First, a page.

A Monumental Task

Preserving cenotaphs at Congressional Cemetery

Congressional Cemetery in Washington, D.C.

Credit: Andrew Cutraro

For much of the 19th century, when a Congressman died in office, he was honored with a sandstone commemorative marker, or cenotaph, at Washington, D.C.'s Congressional Cemetery. Benjamin Henry Latrobe, often called the nation's first architect, designed the nearly five-ton monuments to memorialize such eminent leaders as House Speaker Henry Clay and Vice President John Calhoun. More than 160 cenotaphs were built starting in 1807—60 marking actual gravesites. But the practice was discontinued in 1876, reputedly after Massachusetts Sen. George Hoar famously said that the monuments added a "new terror to death."

Until recently, the cenotaphs stood on the brink of ruin. (They were part of the reason Congressional was added to the 1997 list of America's 11 Most Endangered Historic Places, which sparked renewed interest in the site.) Acid rain and other pollutants had turned them nearly black. The stones were cracked and missing large chunks. The elements had eroded the names engraved on marble plaques and made them nearly illegible.

Then Moss Rudley, an exhibit specialist with the National Park Service, led a team of conservators and stone masons on a painstaking two-year restoration. The $1.75 million project, initiated in 2007 and funded by the National Cemetery Administration, coincided with Congressional's 200th anniversary. Sara Amy Leach, a senior historian with the cemetery administration, notes that there has been tremendous growth in cemetery preservation. And Rudley thinks the project at Congressional could serve as a model for future projects: "I gained a lifetime of knowledge and skills," he says.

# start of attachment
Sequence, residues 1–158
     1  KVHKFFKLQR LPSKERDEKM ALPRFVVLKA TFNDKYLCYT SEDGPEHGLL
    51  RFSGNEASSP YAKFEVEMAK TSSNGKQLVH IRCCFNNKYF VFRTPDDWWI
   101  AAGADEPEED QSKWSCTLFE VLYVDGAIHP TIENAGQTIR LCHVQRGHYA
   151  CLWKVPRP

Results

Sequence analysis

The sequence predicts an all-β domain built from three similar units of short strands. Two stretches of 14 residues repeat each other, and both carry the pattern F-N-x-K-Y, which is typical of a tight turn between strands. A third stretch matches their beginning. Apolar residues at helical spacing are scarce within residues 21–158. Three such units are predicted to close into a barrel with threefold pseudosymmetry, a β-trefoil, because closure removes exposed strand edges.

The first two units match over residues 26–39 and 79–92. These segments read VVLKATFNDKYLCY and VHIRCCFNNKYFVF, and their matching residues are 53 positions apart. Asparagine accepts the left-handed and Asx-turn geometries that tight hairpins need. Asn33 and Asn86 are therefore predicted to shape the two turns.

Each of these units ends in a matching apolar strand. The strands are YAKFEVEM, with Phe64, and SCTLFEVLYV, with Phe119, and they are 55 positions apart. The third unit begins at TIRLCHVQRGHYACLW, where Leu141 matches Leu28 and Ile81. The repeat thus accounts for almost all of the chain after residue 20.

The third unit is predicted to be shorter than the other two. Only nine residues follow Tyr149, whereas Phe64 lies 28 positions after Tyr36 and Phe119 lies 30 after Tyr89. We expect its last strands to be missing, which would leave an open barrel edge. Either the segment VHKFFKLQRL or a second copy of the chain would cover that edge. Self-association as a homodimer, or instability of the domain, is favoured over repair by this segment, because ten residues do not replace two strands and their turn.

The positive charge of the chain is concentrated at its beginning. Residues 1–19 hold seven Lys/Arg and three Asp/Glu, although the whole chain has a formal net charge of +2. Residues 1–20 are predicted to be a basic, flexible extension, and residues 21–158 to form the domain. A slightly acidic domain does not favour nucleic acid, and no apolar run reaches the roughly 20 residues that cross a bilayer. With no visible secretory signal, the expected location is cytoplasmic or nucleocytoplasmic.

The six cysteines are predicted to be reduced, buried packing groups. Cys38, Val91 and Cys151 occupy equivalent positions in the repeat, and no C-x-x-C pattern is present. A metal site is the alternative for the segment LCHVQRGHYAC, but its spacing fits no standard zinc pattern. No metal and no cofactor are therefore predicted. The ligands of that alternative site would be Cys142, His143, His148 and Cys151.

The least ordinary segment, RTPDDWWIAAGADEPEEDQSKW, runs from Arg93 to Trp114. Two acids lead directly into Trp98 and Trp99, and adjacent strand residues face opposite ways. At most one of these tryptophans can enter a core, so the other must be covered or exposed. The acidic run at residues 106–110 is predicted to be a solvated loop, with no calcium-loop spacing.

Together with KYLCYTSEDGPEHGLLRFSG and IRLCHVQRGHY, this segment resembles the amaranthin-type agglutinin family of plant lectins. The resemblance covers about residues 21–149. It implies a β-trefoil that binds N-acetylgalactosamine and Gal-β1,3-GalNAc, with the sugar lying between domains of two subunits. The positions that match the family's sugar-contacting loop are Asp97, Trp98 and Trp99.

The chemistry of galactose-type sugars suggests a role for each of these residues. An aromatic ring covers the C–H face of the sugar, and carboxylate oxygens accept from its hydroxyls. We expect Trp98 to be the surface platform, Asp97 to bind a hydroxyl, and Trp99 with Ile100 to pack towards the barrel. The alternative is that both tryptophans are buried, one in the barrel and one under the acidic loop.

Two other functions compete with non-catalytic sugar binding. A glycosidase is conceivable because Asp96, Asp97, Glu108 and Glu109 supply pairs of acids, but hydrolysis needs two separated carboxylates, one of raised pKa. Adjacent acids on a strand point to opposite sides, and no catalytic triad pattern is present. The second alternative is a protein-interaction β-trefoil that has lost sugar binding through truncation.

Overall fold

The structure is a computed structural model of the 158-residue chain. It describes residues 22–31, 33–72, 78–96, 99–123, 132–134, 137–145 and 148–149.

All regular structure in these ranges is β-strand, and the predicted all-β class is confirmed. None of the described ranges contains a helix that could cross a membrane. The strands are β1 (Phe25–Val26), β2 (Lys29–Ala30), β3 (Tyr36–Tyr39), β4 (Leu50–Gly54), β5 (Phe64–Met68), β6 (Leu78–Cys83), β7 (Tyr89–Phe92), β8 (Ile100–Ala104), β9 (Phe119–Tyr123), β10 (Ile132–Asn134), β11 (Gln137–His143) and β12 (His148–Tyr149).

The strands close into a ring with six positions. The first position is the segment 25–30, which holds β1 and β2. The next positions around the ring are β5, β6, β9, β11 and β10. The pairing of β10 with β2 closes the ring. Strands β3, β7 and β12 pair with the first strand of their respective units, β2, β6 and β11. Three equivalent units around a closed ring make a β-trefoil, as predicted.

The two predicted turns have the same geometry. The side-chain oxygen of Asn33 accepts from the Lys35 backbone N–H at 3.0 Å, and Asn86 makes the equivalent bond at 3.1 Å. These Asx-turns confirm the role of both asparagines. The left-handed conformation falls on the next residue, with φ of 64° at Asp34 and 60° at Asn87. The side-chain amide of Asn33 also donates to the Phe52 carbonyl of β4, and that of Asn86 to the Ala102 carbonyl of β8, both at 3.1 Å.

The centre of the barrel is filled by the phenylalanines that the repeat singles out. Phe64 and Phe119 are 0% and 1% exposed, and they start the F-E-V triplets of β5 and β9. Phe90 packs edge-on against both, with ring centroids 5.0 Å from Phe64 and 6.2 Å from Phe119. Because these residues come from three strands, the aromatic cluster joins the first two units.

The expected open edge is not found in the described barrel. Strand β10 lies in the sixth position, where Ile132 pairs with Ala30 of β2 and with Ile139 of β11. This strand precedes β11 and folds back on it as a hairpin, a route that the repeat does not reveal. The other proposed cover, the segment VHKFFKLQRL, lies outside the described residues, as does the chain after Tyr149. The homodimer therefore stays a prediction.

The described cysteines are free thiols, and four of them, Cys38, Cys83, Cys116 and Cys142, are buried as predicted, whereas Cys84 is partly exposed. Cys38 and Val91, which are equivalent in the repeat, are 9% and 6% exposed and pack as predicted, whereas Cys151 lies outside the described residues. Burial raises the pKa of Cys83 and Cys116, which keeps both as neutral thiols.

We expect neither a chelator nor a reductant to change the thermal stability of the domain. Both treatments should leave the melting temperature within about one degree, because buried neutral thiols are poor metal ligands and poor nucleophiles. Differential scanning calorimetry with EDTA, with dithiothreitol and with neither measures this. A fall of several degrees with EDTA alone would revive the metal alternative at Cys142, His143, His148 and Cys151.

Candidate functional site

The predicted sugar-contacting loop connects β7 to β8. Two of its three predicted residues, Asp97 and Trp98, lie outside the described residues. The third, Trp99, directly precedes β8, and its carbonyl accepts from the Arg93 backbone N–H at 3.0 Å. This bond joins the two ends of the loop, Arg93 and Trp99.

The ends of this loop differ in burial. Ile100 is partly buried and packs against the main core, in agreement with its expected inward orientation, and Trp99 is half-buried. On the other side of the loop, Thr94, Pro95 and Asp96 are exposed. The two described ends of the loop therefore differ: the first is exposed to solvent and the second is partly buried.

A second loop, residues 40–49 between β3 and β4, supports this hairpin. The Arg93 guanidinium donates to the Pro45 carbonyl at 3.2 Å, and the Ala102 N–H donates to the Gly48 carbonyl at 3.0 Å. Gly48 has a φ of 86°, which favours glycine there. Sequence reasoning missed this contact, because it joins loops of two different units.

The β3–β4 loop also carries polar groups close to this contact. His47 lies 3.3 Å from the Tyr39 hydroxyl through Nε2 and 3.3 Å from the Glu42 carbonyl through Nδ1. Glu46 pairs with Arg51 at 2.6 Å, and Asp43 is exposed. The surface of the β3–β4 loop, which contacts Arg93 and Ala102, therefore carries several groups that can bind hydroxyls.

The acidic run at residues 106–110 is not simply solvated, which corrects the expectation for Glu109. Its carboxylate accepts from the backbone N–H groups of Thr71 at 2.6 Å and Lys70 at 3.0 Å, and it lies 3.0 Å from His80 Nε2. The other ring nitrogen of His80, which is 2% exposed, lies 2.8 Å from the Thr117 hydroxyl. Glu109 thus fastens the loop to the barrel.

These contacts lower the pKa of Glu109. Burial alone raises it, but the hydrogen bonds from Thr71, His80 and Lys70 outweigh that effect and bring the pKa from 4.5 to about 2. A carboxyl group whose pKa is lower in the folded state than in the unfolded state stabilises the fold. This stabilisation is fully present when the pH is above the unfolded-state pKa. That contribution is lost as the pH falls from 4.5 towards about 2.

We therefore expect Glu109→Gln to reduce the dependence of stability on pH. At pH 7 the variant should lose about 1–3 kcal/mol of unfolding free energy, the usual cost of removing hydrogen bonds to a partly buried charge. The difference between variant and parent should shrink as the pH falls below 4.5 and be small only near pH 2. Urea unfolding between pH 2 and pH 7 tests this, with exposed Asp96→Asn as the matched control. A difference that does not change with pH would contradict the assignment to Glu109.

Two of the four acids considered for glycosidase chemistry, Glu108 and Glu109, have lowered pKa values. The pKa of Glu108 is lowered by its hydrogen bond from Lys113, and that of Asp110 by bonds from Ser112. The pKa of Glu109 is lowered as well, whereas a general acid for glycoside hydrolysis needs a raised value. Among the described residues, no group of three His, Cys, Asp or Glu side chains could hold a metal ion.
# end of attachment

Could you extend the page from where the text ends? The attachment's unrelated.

A private preservation firm had assessed the damage at Congressional and recommended replacing the main sections of more than 50 cenotaphs, which are topped by capstones and sit on stone bases. But Rudley's team managed to save roughly half of them, replacing the rest with replicas made from the same local Aquia Creek sandstone the original carvers used.

The restorers cleaned the monuments by spraying a micro-abrasive glass powder at low pressure to reveal the striking veins in the sandstone. And stone masons repaired damaged sections of the monuments with so-called Dutchman repairs, which required exacting masonry skills. Some of the new patches of sandstone stand out against the original material. But, as Rudley says, that's just fine: "You can't re-create 200 years of patina. And you wouldn't want to. We want future generations to see what we did here."

Surprises abounded during the project. Rudley and his team discovered that some of the cenotaphs were carved in whole or part from other materials, such as granite and Seneca Creek sandstone. And in an ecofriendly twist, he determined that some of the monuments were assembled using leftover stone from nearby construction projects. Rudley believes some material may even have come from the U.S. Capitol.

Perhaps the biggest surprise, however, came when the team decided to restore a monument—not a cenotaph—to Maj. Gen. Alexander Macomb, and discovered a previously unknown burial vault. Anthropologists from the Smithsonian Institution confirmed that the vault contained the bodies of the general and his wife, Catherine. After they exhumed the bodies, workers cleaned, stabilized, and restored the 13-foot marble monument and brick vault, recovering a set of the general's dentures and the sterling silver nameplate from his coffin.

At the project's completion, the bodies were reinterred during a ceremony attended by some of the general's descendants. "They were by our side through the entire process," says Laurie Burgess, associate chair of the Smithsonian's anthropology department. "They helped lay the remains in a mahogany coffin...It's rare that you have a project that comes full circle like this."


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